- Stress Management– They want people who rise up when things are difficult
- Unconventional (but not too much)- They want someone who provides a different perspective but will still conform to the culture.
Several more characteristics, like entrepreneurialism or rule-based thinking, fit with some companies but not others. However, this list is almost universal to our clients.
Now it should be easy. All we need is a model of these attributes to make better decisions.
But where do we get the candidates’ data? Remember when we discussed how candidates filter information and hiring managers misinterpret it? The data source is a problem.
We could improve data accuracy by reviewing someone’s background and history. Unfortunately, this solution bumps into two problems. First, the data provided by the candidate is often inaccurate. According to Daniel Steingold, 34% of linked-in profiles contain significant lies, and 11% are almost entirely made up. (It’s worse when you consider resumes where 55% of Americans admit to lying.) Second, even if the data is accurate, we infer the characteristics from their history. When humans make inferences, the problems of subtlety and pattern noise reduce accuracy.
We could invest in background checks, including the veracity of diplomas and certifications. But this is expensive and time-consuming and solves the accuracy issues but not the inconsistency of interpretation.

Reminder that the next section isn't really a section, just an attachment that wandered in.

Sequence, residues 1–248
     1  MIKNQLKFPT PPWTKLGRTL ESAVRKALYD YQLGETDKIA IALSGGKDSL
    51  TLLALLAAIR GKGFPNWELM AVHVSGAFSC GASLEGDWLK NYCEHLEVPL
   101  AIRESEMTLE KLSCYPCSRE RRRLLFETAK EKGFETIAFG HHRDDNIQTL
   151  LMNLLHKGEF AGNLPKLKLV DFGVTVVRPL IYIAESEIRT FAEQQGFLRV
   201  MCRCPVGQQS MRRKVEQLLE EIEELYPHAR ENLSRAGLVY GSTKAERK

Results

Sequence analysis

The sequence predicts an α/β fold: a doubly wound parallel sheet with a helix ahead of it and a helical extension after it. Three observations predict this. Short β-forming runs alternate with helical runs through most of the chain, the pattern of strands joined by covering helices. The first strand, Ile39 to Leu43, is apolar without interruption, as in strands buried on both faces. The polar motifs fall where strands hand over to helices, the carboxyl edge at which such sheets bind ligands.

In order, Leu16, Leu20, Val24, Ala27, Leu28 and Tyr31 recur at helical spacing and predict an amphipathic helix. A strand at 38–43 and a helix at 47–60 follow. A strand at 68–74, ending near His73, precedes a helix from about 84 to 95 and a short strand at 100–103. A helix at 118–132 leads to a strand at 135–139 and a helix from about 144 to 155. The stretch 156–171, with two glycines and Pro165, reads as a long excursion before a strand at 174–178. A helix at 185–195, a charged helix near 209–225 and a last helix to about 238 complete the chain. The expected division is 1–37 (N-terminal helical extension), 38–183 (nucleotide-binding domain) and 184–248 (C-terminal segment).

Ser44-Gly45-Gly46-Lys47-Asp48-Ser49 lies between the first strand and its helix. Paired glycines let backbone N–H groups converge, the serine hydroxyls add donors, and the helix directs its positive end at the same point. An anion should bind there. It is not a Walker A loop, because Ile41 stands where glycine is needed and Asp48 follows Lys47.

Many companies solve the problem by assessing personality. This trend is rising:
- About 80 million people complete a personality test yearly.
- 80% of Fortune 500 companies use personality assessments for hiring.
- Industry analysts expect personality testing to be a $6.5 billion industry by 2027.
This approach is an excellent application of technology to reduce (but not eliminate) human inconsistency. However, a recent NYT article highlighted how outdated most popular personality assessments are and the need for an update, a sentiment echoed by Adam Grant of Wharton in his article criticizing the MBTI. Even modernized personality tests require humans to infer behavior from the results. This inference is complex because only some of the criteria from our list are related primarily to personality.